Human eight-cell embryo for IVF selection

Doing without sex

Will there come a day when reproduction is entirely separated from the human body?

Pregnancy and childbirth are major challenges to the female body. An expectant mother has to provide nutrition and a safe environment for her growing baby, and childbirth thrusts a vulnerable baby into a harsh outside world. Until recently the death of a mother or infant during or immediately after birth was common in the West, and remains so in many parts of the developing world.

In vitro fertilisation

The first step in producing a new individual, fertilisation, can take place outside the body. In 1978 Louise Brown became the world’s first ‘test-tube baby’, a landmark in medicine. This procedure, in vitro fertilisation (IVF), has now become routine. In 2012 the number of children born by IVF reached five million.

In IVF, women are given fertility-boosting hormones to encourage their ovaries to produce more eggs. Once collected, the eggs are mixed with sperm in the lab. If the egg is fertilised, the resulting embryo is allowed to develop for a few days and is then implanted in the mother’s womb.

IVF is used when would-be parents have difficulty conceiving a child – for instance when a woman’s eggs do not travel through her reproductive system properly, or a when a man has a low sperm count. If a man has immotile sperm, which cannot swim to an egg, sperm can be directly injected into the egg – a procedure known as intracytoplasmic sperm injection (ICSI).

Success rates vary with age – for women under 35, the success rate in the UK is around 32 per cent. This drops quickly to 28 per cent between 35 and 37, falling to 5 per cent by the age of 43. Although it can be a difficult experience, both physically and emotionally, IVF provides an alternative option for couples who are having difficulties conceiving.

The artificial womb

Creating an embryo may be relatively easy, but nurturing it to the point of independent existence certainly is not. The arrival of artificial wombs periodically makes headlines, but they remain science fiction for now – at least for human babies. The medical need for these arises from the desire to save developing fetuses that might otherwise die – for example when an expectant mother’s womb is damaged, such as in a road traffic accident.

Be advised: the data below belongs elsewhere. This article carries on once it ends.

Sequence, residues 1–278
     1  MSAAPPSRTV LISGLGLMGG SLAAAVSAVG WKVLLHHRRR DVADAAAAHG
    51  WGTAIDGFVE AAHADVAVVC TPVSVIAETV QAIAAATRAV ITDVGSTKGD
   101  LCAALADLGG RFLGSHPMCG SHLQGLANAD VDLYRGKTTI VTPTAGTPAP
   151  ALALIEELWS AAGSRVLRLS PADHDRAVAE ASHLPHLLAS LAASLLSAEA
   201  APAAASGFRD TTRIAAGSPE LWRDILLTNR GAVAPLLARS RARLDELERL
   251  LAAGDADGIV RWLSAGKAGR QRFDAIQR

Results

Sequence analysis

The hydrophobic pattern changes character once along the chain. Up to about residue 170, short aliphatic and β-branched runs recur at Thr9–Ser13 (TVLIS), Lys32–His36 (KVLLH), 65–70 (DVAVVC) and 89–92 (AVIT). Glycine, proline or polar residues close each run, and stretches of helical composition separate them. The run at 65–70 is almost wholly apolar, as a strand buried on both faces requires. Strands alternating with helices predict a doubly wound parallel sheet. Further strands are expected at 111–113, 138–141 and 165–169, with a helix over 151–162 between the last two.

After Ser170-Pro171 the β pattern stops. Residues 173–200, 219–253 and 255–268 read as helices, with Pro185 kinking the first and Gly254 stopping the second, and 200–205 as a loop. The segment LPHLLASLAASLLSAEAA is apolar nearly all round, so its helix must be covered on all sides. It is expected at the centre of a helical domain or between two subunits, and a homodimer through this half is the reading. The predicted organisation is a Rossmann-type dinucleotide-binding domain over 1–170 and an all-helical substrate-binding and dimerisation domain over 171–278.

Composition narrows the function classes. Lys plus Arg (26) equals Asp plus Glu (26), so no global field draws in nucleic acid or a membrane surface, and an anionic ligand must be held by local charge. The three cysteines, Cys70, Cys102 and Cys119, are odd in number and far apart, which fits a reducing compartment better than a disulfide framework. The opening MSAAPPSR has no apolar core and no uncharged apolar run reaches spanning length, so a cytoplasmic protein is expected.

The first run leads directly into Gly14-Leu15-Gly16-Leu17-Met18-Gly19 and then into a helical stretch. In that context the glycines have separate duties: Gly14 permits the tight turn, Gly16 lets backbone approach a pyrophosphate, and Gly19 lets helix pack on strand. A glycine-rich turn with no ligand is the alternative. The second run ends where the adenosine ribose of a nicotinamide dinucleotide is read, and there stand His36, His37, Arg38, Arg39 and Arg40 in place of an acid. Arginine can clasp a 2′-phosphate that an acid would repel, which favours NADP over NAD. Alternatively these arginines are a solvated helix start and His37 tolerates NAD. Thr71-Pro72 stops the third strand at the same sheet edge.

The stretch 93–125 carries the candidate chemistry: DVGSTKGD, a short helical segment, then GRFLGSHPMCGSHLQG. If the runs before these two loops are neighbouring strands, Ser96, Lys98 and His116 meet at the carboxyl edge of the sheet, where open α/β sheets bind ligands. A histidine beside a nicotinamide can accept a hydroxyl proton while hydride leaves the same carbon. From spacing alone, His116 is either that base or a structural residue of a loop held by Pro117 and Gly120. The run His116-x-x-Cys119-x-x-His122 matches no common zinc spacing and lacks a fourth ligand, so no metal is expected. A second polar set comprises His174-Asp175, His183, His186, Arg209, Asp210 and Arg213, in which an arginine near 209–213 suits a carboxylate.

A second important focus is the survival of premature babies. Great strides have been made in this area, and infants born so prematurely that they would have died in previous eras can often be saved. But there is a limit, and even those that do survive sometimes suffer brain damage or other harm.

The growth of a new baby in the womb is highly complex, and the placenta plays a key role in providing the right nutrients, protecting the fetus from harmful substances and removing waste products. Recreating these functions artificially is a huge challenge.

One approach is to try to grow womb-like structures in culture. A group at Cornell University in the USA has had some success in growing cells from the lining of a human uterus, and has used tissue engineering to mould them into a womb shape. The group has also grown mouse embryos nearly to term in an artificial womb, though the newborn mice did not survive.

In a 2012 study researchers made an artificial uterus from acrylic and used it to grow shark embryos taken from pregnant female sharks. After ‘birth’ these shark pups seemed to be just as healthy as ordinary shark pups.

Medical need and social application

Dolls coming off a factory line, labelled male and female

Dolls coming off a factory line, labelled male and female.

Credit:

Catherine Riley/Wellcome Images

This kind of work inevitably seems to lead people to imagine ‘baby factories’ growing new infants to order.

But it is worth remembering that the primary purpose of such research is to save babies’ lives or to help the infertile. There may one day be wider applications of these technologies, but for the foreseeable future these are likely to be difficult procedures to carry out and used only when absolutely necessary.

Take preimplantation genetic diagnosis (PGD). This involves taking a cell from an early human embryo during IVF and carrying out genetic tests on it. Through this technique parents at risk of having a boy with an X-linked genetic disease can have a female embryo implanted, or parents from families with inherited disorders can implant an embryo without a disease gene.

There are fears that this could be used to create ‘designer babies’, where parents select embryos with particular features. In reality, the links between genes and particular features, such as intelligence, are so complicated that this is unlikely to be a realistic scenario. Plus, the procedures themselves are difficult and not undertaken lightly. Finally, in the UK at least, reproductive technologies are highly regulated (by the Human Fertilisation and Embryology Authority), so socially undesirable applications would face many hurdles.

Lead image:

A human eight cell embryo, which is considered to be grade one, meaning it is of sufficient quality to be used for IVF.

K Hardy/Wellcome Images CC BY NC ND

References

Further reading

About this resource

This resource was first published in ‘Sex and Gender’ in January 2006 and reviewed and updated in October 2014.

Topics:
Cell biology, Genetics and genomics, History, Biotechnology and engineering
Issue:
Sex and Gender
Education levels:
16–19, Continuing professional development